Platinum canadian Maple leaf

Canadian Platinum Maple Leaf Coins Back in Stock


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Canadian Platinum Maple Leaf Coins Once Again Available to Order.

One ounce Canadian Platinum Maple Leaf coins are back in stock in limited quantities and available to order for next day shipping.

About the Canadian Platinum Maple Leaf Bullion Coin

The one ounce Canadian Platinum Maple Leaf coin is minted in .9995 pure platinum and contains one troy ounce of pure platinum and weighs 31.16 grams. The coin has reeded edges and a diameter of 30 mm. The obverse of the coin features a portrait of Queen Elizabeth II of England. The reverse features the iconic Canadian Maple Leaf. The face value of the one ounce Canadian Platinum Maple Leaf coin is $50, though the bullion value far exceed that amount.

Platinum canadian Maple leaf
Click to Buy 1 oz Platinum Canadian Maple Leaf BU Bullion Coins .9995 Fine (Random Year)
Canadian Platinum Maple Leaf front
Click to Buy 1 oz Platinum Canadian Maple Leaf BU Bullion Coins .9995 Fine (Random Year)

Limited Mintage History of the Canadian Platinum Maple Leaf Coin

The Canadian Platinum Maple Leaf coin was first introduced by the Canadian Mint in 1988. From 1988 until 1999, the Canadian Platinum Maple Leaf was minted in 1/20 (1993-1999 only), 1/10, 1/4, 1/2 and one ounce sizes. The Canadian Platinum Maple Leaf was reintroduced in 2002 in all sizes and not minted again until 2009 when the Canadian Mint began once again minting one ounce Platinum Maple Leaf coins annually.

Platinum Price at a Ten Year Low!

The price of platinum has fallen nearly in half since 2014. Historically, platinum normally trades at a premium to gold. As of July 2018, Gold was valued about 1.5X the price of platinum, leading some market observers to comment that platinum is undervalued.

Platinum price chart 2009 - 2018 July 4 2018

Facts About Platinum


The symbol for platinum on the periodic table of the elements is Pt


Platinum is an extremely rare precious metal with many unique properties that make it, like its white metal cousin, silver, prized for its beauty and use in industry. Platinum is the most dense precious metal (the ratio of the mass of an object to its volume) Platinum has a density of 21.4, Gold 19.3, Palladium 12.0 and Silver 10.5.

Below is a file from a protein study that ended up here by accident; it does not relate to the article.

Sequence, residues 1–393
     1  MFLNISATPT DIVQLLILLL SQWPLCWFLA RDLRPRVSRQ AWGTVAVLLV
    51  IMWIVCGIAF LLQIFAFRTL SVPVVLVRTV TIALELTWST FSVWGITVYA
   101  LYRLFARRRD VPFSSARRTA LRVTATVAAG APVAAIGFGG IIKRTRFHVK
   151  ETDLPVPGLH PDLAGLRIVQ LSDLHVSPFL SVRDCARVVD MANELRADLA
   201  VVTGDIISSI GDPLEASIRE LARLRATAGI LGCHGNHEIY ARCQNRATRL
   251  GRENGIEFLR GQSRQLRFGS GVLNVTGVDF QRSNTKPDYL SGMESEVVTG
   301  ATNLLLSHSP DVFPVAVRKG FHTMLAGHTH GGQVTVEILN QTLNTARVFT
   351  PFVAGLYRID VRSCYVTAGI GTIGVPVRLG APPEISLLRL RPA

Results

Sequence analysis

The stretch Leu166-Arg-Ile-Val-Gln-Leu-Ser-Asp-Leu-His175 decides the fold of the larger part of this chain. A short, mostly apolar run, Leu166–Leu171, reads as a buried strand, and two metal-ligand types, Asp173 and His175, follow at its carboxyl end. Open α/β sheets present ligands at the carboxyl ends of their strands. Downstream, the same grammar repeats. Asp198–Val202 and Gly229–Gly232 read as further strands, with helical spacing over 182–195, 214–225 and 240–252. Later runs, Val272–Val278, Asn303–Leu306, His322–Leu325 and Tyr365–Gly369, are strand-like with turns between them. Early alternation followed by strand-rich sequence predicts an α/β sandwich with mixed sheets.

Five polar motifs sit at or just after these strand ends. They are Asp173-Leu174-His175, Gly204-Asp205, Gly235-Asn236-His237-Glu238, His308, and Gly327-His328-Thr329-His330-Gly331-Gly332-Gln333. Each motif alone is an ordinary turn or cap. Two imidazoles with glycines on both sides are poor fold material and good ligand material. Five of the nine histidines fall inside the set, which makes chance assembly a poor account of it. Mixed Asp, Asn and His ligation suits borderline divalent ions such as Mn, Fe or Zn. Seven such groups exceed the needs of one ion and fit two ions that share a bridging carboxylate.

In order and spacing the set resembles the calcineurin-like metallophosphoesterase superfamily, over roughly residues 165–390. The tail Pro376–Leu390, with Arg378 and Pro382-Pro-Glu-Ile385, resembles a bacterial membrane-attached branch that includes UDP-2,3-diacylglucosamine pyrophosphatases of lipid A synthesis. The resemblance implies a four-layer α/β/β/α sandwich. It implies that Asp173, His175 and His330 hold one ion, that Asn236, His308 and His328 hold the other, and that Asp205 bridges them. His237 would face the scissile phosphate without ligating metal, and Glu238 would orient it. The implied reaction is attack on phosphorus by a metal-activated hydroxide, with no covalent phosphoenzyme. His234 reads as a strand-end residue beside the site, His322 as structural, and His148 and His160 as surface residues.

As a result of its unique density, platinum is nearly impossible to counterfeit.


Platinum is an extremely rare metal mined mostly in South Africa and Russia. Annual mining production is about 10 times lower than annual gold mining production. Platinum coins are also very rare. Production of American Platinum Eagles by the U.S. Mint has been limited to an average of about 12,000 coins for the last ten years in which the coin was produced. In total, 385,700 one ounce American Platinum Eagle coins have been minted in the coin’s history that began in 1997, with 138,500 minted in 1998. Canadian Mint Platinum Maple Leaf annual coin mintages peaked at around 40,000 ounces in in the early 1990’s.


Platinum was discovered in South America around 1735. About ninety years later, platinum was found in the Ural Mountains of Russia. Soon after its discovery, the Russian Emperor Nicolas I had platinum coins minted that circulated from 1828-1845 within Russia. These coins are the only examples of platinum serving as a monetary metal. In 1865, platinum deposits were discovered in South Africa. Today South Africa (approximately 72%) and Russia (13%) supply the bulk of the world’s platinum. Total annual platinum production is about 200-250 tons a year (approximately 6.5-8 million ounces a year).



Platinum’s use in the automotive industry accounts for about 45% of overall demand. Platinum is used in automobiles’ catalytic converters that reduce Nitrogen Oxide emissions. Platinum demand has increased the past two decades as countries like China and India have seen massive growth in their national auto fleets. In 2000, Chinese demand for platinum for catalytic converters was 32,000 ounces. By 2014, demand had grown to 527,000 ounces.


Platinum is less “white” than silver and has a greyish tinge that is popular in many jewelry designs. Platinum jewelry is especially popular in China and Japan. Jewelry demand accounts for about 30% of overall jewelry demand.

The remaining platinum demand comes from the chemical petroleum refining industry (about 10%), electronics (3%) and various other applications including electrodes, anticancer drugs, fuel cells, dental applications, oxygen sensors, spark plugs and turbine engines (about 13%).


Platinum demand for investment purposes is small. While the Canadian Mint, Perth and U.S. Mint produce platinum products they are not produced in large quantities. An Exchange Traded Fund launched in 2013 in South African now holds about 900,000 ounces of platinum.

You can order your one ounce random year Canadian Platinum Maple Leaf coins by clicking here.

Canadian Platinum Maple Leaf coins are IRA eligible.

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This article by BGASC is not, and should not be regarded as, investment advice or as a recommendation regarding any particular course of action.